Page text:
Q: Can you give us an example of a successful social enterprise in Singapore?

MINDS is a good example of a nonprofit that has incorporated a social enterprise programme in their organisation. MINDS provides education for children with intellectual disabilities so that they can be integrated into society as contributing and responsible citizens.

MINDS Social Enterprise unit is run as a part of the Employment Development Centres. MINDS started a range of social enterprise units to provide alternative work engagement opportunities for their adult clients who are intellectually disabled. It has set up businesses in several areas, including bottled water and food products.

The social enterprises include MINDS Food, MINDS Shop, MINDS Wash, and MINDS Water. The MINDS Food unit at SIA-MINDS EDC runs a small catering service that provides packed lunchboxes to other charities in the vicinity. MINDS Shop runs thrift stores in four different locations. MINDS Wash is a collaboration between SPC and MINDS where persons with intellectual disabilities provide car hand-washing services. MINDS Water is a social enterprise project that supplies bottled water for offices, board rooms, hotel rooms, exhibitions, sports events, and other special events at competitive prices.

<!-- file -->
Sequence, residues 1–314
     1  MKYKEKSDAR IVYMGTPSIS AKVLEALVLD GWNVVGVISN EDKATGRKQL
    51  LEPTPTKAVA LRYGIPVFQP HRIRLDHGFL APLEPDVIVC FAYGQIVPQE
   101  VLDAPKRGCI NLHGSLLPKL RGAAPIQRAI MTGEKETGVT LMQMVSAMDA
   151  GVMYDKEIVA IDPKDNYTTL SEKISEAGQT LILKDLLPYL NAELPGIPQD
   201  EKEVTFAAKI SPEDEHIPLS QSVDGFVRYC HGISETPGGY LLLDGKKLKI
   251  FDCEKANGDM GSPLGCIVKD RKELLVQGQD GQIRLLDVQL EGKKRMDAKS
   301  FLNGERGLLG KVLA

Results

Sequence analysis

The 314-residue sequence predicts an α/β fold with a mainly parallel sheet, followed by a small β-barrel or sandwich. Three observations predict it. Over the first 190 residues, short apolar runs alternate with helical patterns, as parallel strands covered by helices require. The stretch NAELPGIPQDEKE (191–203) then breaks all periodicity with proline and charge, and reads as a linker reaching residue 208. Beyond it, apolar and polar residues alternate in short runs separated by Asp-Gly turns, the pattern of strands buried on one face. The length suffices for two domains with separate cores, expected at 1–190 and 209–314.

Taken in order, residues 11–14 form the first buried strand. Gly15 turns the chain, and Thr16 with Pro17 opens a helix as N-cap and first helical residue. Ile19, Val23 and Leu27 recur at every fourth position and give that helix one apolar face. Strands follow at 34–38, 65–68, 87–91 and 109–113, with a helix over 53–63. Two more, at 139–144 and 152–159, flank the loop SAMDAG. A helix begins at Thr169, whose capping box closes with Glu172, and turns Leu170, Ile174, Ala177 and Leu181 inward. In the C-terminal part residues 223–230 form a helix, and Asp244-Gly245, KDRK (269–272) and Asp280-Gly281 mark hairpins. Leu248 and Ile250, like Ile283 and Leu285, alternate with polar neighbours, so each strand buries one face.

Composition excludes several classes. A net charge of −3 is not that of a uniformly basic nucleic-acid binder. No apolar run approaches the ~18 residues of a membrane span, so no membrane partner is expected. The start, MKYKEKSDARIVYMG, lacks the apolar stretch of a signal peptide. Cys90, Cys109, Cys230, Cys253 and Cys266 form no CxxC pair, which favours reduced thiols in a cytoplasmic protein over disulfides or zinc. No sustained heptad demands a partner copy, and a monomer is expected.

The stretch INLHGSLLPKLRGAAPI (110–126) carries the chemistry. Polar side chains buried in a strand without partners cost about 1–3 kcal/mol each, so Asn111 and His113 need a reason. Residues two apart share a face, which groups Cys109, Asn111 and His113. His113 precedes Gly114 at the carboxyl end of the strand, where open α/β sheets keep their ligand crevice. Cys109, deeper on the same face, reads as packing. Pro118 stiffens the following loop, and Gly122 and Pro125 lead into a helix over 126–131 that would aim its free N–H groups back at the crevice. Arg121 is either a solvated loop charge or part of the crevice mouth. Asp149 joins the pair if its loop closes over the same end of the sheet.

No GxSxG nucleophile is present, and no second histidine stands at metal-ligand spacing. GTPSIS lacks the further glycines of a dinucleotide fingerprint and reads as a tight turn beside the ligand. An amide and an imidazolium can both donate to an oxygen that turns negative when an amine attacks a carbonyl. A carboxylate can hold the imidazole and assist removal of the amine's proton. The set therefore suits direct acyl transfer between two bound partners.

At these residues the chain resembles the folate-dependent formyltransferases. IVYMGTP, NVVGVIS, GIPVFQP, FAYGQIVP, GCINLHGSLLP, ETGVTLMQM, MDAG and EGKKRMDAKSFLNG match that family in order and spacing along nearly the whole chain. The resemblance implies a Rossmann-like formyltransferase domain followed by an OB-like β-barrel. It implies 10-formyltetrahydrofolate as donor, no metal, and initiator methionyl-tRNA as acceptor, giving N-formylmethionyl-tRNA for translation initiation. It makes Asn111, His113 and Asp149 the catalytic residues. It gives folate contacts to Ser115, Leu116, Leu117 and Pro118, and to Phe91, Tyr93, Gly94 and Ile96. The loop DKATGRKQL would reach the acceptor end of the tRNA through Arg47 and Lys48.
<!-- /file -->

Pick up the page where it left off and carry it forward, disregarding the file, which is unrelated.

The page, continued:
All net revenue earned from the sale of their products and services go directly towards paying a monthly allowance for their clients’ work and for their lunch expenses while undergoing training at Employment Development Centres.

Q: How can social innovation be facilitated?

SSOrgs should construct a team in which there is a high degree of diversity in background and work experience. This would prevent SSOrgs from developing groupthink or having overlapping skills that might not be beneficial for growth. It is also important to keep the organisational structure as flat as possible, removing layers of unnecessary bureaucracy which would otherwise impede innovative thinking. Innovative ideas often come not from limitation, but from the sharing of best practices and a free flow of thought process.

Q: Can you share an example of a successful social enterprise in Singapore?

A good example is Eighteen Chefs, a well-known social enterprise eatery and restaurant chain in Singapore. Eighteen Chefs was founded by Benny Se Teo, with the aim of providing troubled youths and ex-convicts with a non-judgmental working environment to help them reintegrate into society. Its recruitment policies give priority to ex-offenders over others with similar skills, to ameliorate the challenges faced by ex-convicts in finding employment. While staying committed to its social vision of employing ex-offenders and youth-at-risk, Eighteen Chefs also hires professional managers. Chef Benny shared how this structure has allowed him to both provide meaningful careers to ex-convicts while concurrently growing and running the business professionally. The restaurant chain became the first home-grown social enterprise with a strong business model that successfully wooed investors to start a franchise (Huang, 2014).